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I'm finishing up my business plan and having a major problem finding comps to defend my valuation. Everything I find is publicly traded and either too good or too bad to appear realistic. Any ideas on how to properly valuate my business and any leads on some comps I can include for my investors?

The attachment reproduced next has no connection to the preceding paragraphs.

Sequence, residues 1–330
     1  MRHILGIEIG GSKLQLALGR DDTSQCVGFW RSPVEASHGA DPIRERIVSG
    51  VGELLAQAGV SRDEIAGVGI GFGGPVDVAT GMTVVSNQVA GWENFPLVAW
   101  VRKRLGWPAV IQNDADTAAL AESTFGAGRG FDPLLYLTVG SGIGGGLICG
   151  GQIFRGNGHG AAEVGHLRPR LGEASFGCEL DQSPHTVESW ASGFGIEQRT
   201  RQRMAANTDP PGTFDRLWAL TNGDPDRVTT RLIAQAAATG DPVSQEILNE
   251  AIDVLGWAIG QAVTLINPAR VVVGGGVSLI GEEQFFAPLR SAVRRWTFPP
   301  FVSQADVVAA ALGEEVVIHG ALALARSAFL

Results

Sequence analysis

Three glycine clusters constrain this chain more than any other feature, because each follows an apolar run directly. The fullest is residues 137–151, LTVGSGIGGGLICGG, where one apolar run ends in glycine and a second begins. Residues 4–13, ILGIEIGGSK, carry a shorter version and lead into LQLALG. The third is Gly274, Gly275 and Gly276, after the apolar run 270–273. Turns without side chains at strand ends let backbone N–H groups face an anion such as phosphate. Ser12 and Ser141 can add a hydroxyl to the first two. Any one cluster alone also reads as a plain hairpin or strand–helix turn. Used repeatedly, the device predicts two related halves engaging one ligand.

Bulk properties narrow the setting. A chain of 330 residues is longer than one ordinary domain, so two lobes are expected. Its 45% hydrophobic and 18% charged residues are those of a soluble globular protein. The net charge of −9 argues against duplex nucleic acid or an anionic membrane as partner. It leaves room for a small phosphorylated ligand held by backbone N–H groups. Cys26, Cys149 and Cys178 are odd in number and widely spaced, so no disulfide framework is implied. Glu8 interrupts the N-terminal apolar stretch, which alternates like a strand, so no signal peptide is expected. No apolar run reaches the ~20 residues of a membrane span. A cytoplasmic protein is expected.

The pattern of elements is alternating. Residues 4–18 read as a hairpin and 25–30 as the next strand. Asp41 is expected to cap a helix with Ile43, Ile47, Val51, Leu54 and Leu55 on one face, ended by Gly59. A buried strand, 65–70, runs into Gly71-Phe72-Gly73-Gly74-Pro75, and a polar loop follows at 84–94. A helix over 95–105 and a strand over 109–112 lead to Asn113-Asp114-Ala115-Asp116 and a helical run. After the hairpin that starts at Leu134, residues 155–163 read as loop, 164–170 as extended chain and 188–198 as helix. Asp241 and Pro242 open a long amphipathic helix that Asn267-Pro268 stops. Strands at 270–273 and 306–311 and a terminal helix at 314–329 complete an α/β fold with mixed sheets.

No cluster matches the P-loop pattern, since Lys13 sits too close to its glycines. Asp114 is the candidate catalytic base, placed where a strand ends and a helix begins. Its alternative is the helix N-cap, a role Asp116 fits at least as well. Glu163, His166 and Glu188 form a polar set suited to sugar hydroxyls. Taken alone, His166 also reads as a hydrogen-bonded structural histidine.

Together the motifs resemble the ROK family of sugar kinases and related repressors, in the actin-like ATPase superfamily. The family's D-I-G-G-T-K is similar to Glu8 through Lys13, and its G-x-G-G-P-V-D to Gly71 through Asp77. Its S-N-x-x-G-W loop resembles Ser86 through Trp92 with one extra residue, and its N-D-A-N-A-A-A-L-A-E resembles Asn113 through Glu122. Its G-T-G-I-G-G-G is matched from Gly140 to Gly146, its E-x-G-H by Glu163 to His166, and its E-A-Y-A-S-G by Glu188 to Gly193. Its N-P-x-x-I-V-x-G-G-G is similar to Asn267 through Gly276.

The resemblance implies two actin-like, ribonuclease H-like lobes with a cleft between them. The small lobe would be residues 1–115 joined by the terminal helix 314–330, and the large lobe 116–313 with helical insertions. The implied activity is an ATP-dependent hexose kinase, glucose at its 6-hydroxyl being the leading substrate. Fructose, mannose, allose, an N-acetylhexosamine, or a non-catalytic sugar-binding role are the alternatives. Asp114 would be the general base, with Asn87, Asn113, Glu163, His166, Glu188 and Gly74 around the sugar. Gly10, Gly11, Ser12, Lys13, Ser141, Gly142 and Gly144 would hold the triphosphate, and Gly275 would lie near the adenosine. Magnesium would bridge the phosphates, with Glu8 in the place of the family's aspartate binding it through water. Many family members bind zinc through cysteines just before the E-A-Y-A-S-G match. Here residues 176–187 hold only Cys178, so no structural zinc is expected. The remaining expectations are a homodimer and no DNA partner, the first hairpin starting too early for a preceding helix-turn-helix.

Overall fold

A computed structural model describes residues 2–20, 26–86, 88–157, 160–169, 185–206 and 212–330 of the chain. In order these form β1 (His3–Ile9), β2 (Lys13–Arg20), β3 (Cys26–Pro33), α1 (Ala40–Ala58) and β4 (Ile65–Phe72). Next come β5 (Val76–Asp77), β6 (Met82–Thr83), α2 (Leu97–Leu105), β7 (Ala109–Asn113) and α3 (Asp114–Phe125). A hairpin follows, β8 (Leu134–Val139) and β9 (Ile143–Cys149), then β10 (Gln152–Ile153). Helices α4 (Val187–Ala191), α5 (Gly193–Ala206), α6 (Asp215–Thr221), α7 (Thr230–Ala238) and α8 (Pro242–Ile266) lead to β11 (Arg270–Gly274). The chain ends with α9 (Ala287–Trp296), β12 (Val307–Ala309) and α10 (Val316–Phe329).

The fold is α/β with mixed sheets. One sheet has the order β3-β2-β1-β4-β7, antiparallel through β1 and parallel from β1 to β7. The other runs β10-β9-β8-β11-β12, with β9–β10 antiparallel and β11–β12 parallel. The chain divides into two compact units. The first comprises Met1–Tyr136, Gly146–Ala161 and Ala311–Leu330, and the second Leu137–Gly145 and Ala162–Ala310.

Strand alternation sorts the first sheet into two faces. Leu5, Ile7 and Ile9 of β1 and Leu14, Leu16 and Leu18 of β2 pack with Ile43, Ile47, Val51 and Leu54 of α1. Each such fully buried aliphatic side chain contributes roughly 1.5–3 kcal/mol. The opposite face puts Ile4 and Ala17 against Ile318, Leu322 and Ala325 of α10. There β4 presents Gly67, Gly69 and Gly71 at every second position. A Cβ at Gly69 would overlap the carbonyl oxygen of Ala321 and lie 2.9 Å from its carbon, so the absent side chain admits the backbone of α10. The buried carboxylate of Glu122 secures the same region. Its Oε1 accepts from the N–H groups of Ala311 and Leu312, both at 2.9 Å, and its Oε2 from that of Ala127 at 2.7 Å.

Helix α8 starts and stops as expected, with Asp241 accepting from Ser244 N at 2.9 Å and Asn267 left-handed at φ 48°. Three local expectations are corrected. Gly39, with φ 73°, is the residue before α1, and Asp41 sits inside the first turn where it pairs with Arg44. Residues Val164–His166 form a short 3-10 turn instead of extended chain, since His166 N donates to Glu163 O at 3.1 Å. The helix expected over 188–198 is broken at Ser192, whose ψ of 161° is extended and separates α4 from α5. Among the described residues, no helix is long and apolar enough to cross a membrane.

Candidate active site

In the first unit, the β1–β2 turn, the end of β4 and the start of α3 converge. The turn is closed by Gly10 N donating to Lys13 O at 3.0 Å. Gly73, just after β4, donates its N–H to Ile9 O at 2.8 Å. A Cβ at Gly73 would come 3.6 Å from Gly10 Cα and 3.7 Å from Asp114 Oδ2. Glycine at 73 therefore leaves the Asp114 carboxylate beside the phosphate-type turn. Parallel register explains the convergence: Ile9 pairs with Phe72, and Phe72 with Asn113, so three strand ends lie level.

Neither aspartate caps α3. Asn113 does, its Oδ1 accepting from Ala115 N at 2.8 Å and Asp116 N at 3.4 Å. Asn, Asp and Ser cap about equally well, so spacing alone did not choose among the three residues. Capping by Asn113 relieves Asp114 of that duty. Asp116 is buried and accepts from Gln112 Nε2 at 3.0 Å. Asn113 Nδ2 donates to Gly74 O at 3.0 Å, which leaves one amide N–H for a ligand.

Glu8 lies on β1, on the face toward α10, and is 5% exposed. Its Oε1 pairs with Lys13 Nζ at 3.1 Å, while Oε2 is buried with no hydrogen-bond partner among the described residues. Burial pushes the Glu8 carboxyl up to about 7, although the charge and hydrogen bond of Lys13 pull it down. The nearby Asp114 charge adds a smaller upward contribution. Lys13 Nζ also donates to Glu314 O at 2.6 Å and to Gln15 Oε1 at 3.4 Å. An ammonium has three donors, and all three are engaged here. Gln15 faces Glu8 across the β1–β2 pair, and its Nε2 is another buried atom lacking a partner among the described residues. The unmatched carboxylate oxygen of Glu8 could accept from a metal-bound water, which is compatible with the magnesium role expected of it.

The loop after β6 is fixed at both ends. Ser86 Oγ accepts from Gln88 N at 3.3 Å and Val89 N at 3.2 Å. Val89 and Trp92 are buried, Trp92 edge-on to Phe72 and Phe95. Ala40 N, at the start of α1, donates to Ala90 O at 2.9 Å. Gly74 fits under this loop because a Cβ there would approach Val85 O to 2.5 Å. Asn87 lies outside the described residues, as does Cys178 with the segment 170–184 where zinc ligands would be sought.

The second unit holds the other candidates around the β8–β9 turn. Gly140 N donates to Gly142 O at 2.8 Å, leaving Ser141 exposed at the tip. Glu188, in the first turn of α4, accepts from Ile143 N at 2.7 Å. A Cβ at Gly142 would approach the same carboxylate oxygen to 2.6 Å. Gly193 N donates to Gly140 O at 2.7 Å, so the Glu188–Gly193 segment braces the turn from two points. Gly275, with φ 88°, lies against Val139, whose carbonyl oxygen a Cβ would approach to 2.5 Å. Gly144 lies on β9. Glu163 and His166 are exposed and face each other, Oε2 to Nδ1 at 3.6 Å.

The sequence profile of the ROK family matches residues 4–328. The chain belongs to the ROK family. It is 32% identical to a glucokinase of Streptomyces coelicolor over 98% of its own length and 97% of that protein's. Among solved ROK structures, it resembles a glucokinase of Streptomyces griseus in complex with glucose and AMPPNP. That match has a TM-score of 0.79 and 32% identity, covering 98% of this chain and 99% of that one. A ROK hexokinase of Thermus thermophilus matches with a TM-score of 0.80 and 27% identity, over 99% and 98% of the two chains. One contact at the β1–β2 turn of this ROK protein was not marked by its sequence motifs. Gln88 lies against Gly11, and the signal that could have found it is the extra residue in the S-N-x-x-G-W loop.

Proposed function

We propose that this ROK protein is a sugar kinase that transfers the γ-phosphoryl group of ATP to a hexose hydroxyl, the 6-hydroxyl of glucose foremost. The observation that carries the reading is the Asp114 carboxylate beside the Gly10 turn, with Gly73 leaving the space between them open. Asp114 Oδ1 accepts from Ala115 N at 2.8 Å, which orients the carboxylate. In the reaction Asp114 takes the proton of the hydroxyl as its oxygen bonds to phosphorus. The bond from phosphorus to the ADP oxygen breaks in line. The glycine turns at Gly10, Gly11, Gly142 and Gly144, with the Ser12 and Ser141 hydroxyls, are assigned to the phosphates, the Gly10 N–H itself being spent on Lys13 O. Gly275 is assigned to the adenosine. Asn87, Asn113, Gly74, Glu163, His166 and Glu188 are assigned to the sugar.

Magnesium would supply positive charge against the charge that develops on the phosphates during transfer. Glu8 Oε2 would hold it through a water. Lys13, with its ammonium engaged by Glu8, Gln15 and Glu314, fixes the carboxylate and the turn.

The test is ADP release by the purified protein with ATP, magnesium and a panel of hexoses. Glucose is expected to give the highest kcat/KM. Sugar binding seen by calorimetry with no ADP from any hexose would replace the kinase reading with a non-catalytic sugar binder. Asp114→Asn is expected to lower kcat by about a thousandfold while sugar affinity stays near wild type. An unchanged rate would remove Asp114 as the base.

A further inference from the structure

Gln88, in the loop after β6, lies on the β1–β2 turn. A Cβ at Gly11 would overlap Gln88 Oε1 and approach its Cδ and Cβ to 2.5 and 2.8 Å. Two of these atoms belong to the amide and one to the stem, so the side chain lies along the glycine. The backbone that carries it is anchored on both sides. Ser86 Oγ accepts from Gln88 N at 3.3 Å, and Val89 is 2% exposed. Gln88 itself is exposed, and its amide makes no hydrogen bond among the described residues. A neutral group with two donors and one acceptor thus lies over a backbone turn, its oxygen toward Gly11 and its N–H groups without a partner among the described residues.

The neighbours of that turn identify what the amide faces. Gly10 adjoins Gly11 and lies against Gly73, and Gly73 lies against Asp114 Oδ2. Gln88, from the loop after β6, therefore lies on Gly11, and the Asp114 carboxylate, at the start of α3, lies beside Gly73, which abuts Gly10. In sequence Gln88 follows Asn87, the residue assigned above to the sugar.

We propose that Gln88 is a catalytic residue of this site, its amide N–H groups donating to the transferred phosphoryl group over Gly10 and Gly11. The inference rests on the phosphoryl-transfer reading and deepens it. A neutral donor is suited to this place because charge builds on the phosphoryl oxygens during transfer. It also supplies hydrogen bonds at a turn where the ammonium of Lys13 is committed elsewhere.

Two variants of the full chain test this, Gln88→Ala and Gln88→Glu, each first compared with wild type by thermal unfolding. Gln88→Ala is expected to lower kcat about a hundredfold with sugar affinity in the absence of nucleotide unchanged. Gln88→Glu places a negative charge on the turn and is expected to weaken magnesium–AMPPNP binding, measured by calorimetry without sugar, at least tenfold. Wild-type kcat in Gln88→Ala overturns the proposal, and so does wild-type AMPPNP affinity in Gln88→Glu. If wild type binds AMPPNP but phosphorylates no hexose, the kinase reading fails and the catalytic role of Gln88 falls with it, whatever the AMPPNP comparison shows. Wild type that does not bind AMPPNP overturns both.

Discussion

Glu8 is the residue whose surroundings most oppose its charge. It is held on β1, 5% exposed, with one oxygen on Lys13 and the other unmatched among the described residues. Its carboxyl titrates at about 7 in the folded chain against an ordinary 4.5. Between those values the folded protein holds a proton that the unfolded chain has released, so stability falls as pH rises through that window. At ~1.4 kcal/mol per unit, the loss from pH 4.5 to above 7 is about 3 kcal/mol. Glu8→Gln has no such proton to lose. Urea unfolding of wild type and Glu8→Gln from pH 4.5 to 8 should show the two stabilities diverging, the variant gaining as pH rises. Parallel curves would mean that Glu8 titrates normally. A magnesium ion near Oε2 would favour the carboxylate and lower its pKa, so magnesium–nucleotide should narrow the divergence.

What can we all learn from the recent tragic and damaging earthquake in the Napa Valley region a few weeks back that effected many wineries (and distilleries) in regards to insurance? Well, for one, earthquake itself is not a covered peril under any standard commercial property insurance policy. In the specific language of a Special Form Coverage Part (an aside here, you should make sure that you are covered on a Special Forms Coverage on your current policy) all causes of loss are covered except those that are excluded. Exclusion ( b ) on the Special Form Cause of Losses (Commercial Property Form CP 10 30 04 02) specifically excludes Earthquake. Earthquake however is not limited to simply just "Earthquake". "Earthquake" is defined as earthquakes, landslides, mine subsidence, earth sinking (but sinkholes themselves are covered) and volcanoes. Obviously, if you are located in an area that is prone to earthquake activity it would certainly be time well spent to check into an earthquake policy if you do not have one. The broadest coverage available is called a Difference In Condition policy or a DIC. A DIC is designed to broaden coverage for specific perils that standard markets do not provide adequate, if any, coverage limits for. Usually these are used to insure against perils such as flood and earthquake but do also have other applicable uses. In regards to a DIC that covers the earthquake peril the standard deductible can range anywhere from a standard 5%-10% but can be a high as 25% of the Total Insurable Value (TIV) per unit or location. This deductible can seem high especially in regards to a multimillion dollar loss like those seen on some of the regions larger wine producers (where the deductible could be anywhere from $100,000 to $500,000 depending), but it is certainly better than getting no insurance assistance as was the case with many of the folks in that region. Another issue that has reared its ugly head due to this incident is one that I have pointed out for years, the valuation of your product or stock on hand. Under the Commercial Property Endorsement form CP 99 05 06 95 (another aside here, make sure you at least have this form on your policy. Selfless plug here, I have an exclusive coverage form that I offer that is far superior to this, but at a minimum you should at least make sure you have this form, but you need to talk to me to get the very best available coverage) which is titled "Distilled Spirits and Wines Market Value" and in short it says that the insurance company will determine the value of your product at the time and the place of the loss based on potential "Market Value". I don’t know about you, but I personally do not want the insurance company telling me what my product is worth after it is already gone, that sounds like a losing proposition doesn’t it? Scarier yet is the fact that this endorsement never clearly spells out the actual value or settlement procedure that one could expect should there be a loss. The from that I offer is the only form of its kind that allows us to schedule the actual value of the product/stock on hand on a progressive valuation scale throughout the maturation process or for the product that you have on hand (I have the ability to value aging as well as non-aged stock). Also, my form waives all co-insurance penalties that would be associated with the product/stock coverage in the case of a loss. Now in regards to the earthquake, it really is a moot point in the fact that earthquake would not have been a covered cause of loss anyway. However it does raise the question about how would this impact you during a covered peril. Under the standard form that every other company uses (CP 99 05 06 95) my assessment is, not very well. In regards to the vague "Market Value" language seen in that form, this can be a large issue for a lot of startup distilleries or for that matter, ones that have been running for years but that are adding new products. In the case of a new product or new maturing products often times there is no established "Market Value". Take for instance a start up distillery that is making a 4 year aged bourbon (it has happened, I have worked with several). If they were to sustain a loss to their inventory in the 3rd year of the 4 year maturation process, what is the "Market Value"? That is the big question. Technically under the CP 99 05 06 95 form there is no established "Market Value" since the product has never been to market in order to establish said value. That form then stipulates that the value could be "The market price per proof gallon of equivalent bottled distilled spirits as of the time and place of the loss or damage". If you are a true craft distillery, there really is no "equivalent", is there? At least you would hope there isn’t. Do you want to run the risk of only gaining reimbursement based on the price of what one of the big distributors gets for their lowest bulk sourced product? I would imagine the answer would be no. With my exclusive form, based on the product, the time maturation element (or stock on hand) and the product/stock reports that are kept it is easy to determine the exact value and the loss and what would be recuperated should the unforeseen take place. That is why I developed this product, so that everyone can sleep at night knowing everything is covered the way it should be. The valuation of your product/stock on hand is one of the most misunderstood and under insured coverage’s for many distillers and it is the one that should be the most focused on. Knowing what you are covered for and how it is valued should be at the forefront of your concerns. In closing I would suggest that if you are in an area prone to natural disasters that are excluded under standard commercial property policies such as earthquakes, flooding, hurricanes, etc. you need to speak with an insurance expert about how to best protect yourself against these situations. As well, it would be time well spent on your part to protect you investment of time, passion and capital and review your current insurance policy to see what is really covered in the case of a loss. Do you have the "Special" coverage form; Are there any other forms or endorsements that protect your product/stock on hand; What are the deductibles or co-insurance clauses associated with a loss; What gaps may there be in your policy; and what has changed over the years in regards to value of your assets whether it be addition of equipment or amassing more aging stock. The sad reality is many insurance "professionals" are able to provide policies for a myriad of risks but that by no means suggests that they should. Find a true insurance expert that fully understands your risk and make certain that the premium you are paying is actually worth the price you are paying for your protection.